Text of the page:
SYNOD members are seeking the creation of an online library of visual resources for worship.
On Monday evening, the Revd Richard Moy (Lichfield) moved a private member’s motion, which 200 members had signed up to, seeking greater provision for online resources that would communicate with younger people. Mr Moy said that many of those aged 16-30 at his Fresh Expressions church were visual learners. “They don’t tend to look for lectionary or liturgy on an iPhone app: they look for images.”
The Church spent money on staff who spent hours preparing presentations that were seen once. “This is about economies of scale — how to save the Church money.”
The Bishop of Sheffield, the Rt Revd Steven Croft, said that most key points of resource come through connecting people rather than telling them what to do. This was “hub protocol and connection . . . a profound principle of the New Testament”. It also created space for creative entrepreneurs who needed two things: “They need a vast amount of encouragement, and they need investment which would start things rolling.” It was also international and ecumenical.
The Revd Vera Hunt (Deaf Anglicans Together) in an address that was signed by Synod’s signer, said: “Personally, I would love to see much more resources for deaf people. Most of the resources are aimed at hearing people. They have subtitles, but there are far too many words.” She would like to see video clips with action.
She invited the Synod to think about the story of Emmaus: “Just imagine the wonder on the disciples’ face as they recognise Jesus in the breaking of bread. Why on earth would you need words?”
The Revd Mark Ireland (Lichfield) spoke to his amendment that would move responsibility to act to produce the online library to the Archbishops’ Council. Mr Moy’s proposal saved reinventing the wheel and allowed creative artists to be rewarded for their labours. It would enable clergy easily to access material, promote home-grown talent, and “let non-tech vicars like me do my work.” But, disappointed by the response from Fresh Expressions, he sought to put this possibility for this “core business” of the Church of England into the hands of the Council.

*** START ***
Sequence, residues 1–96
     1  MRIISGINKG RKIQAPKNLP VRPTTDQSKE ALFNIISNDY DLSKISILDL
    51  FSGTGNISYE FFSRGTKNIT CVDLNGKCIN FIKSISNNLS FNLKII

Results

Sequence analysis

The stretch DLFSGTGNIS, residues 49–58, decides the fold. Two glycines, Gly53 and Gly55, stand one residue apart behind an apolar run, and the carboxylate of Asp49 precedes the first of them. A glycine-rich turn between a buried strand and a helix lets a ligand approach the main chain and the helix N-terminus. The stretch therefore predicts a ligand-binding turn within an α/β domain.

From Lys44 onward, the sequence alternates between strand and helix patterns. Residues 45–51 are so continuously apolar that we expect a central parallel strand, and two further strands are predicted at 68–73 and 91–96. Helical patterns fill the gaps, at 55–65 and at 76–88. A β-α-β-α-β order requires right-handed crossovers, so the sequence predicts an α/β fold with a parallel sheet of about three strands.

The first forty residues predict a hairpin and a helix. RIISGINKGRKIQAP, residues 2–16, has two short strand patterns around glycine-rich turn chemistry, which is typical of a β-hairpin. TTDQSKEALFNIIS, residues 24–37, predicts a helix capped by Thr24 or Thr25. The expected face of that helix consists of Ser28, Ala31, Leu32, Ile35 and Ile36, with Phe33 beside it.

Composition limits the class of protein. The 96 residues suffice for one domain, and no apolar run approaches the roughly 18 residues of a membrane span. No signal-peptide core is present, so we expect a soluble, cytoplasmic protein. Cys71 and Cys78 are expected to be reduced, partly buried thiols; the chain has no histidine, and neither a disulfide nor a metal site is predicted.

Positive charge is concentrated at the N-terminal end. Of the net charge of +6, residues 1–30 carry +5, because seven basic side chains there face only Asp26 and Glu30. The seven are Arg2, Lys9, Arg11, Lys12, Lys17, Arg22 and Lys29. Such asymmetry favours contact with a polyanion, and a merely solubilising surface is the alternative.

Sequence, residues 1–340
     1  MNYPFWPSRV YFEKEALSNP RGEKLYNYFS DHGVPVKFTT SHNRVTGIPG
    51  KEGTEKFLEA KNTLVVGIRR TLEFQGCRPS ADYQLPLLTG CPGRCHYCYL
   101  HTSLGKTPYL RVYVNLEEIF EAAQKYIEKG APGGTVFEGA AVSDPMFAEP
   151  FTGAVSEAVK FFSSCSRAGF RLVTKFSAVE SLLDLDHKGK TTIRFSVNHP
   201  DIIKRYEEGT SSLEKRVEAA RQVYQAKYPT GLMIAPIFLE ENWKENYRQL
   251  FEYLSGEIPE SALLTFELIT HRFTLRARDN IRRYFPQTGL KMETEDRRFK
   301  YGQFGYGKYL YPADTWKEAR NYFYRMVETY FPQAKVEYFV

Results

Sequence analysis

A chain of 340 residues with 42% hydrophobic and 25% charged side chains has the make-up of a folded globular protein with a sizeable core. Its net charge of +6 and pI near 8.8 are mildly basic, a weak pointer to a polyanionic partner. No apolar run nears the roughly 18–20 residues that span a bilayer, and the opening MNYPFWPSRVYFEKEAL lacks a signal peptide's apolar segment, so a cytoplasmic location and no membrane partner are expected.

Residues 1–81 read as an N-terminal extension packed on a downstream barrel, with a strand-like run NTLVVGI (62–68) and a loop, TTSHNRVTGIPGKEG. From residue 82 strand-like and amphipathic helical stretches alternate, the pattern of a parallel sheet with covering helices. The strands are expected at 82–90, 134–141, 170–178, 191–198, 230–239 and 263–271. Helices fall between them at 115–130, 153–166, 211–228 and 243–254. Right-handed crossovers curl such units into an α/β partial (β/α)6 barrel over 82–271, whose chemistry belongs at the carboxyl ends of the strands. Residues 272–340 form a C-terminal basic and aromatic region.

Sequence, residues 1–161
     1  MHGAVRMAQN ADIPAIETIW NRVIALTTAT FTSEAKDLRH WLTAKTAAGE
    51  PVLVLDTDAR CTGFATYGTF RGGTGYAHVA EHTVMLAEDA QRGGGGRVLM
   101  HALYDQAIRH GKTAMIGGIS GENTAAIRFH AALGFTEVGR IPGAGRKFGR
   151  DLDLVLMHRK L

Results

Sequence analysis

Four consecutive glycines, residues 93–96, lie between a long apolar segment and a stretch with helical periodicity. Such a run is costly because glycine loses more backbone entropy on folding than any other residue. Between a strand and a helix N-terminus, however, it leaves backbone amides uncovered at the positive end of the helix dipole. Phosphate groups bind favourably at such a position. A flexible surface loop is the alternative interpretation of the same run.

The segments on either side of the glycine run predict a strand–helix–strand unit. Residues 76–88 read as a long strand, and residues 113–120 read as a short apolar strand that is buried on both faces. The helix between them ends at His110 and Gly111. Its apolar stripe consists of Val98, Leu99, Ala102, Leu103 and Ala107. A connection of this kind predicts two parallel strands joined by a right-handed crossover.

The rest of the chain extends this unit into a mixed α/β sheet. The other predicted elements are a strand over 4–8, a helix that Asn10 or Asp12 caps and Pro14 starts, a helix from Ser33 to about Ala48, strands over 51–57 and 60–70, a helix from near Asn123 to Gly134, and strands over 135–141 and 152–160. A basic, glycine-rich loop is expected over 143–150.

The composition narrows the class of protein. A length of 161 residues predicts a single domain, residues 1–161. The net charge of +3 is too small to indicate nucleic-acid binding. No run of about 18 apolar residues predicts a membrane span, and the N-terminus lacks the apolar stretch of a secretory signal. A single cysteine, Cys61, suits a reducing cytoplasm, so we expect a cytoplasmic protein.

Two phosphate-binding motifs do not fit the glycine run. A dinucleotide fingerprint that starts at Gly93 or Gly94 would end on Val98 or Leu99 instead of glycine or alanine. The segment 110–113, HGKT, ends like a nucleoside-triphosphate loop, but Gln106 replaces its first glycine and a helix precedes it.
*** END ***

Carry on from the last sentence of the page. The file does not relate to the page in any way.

The Church Commissioners had set aside £12 million to develop initiatives such as web-based material, and the First Church Estates Commissioner was sympathetic.
Canon Carl Turner (Exeter) spoke to his amendment that recognised that the resources available to the Fresh Expressions team and the Liturgical Commission were too limited, and asked the Archbishops’ Council for a feasibility study for a business plan.
The Bishop of Hereford, the Rt Revd Anthony Priddis, said that his local Evangelical church had just spent £18,000 on new audio-visual equipment, but couldn’t find good resources for it. Mr Ireland was asking for £2000 from the dioceses: couldn’t the Archbishops’ Council be approached?
Kay Dyer (Coventry) said that it should be shared across a much wider range of congregations. It could show silver surfers what new worship could be. The Education Division might also like to be included.
Canon Alma Servant (Manchester) hoped that people over 60 might get more attention. Neglected people in care homes had no stimulation, in dreary surroundings: good resources to convey beauty and delight could be aimed at them.
The Revd Andrew Dow (Gloucester) gave the example of Christian workers in schools. This was a priceless opportunity to provide audio-visual resources for those working in this “prime mission territory”.
Mr Moy, responding, asked the Archbishops’ Council to set up a working group.
The motion was carried as amended. It read:
That this Synod request the Archbishops’ Council to identify sources of funding for the production of an online library of visual and video resources for worship, so that hard-pressed local worship leaders may access and use them in both mission and congregational contexts.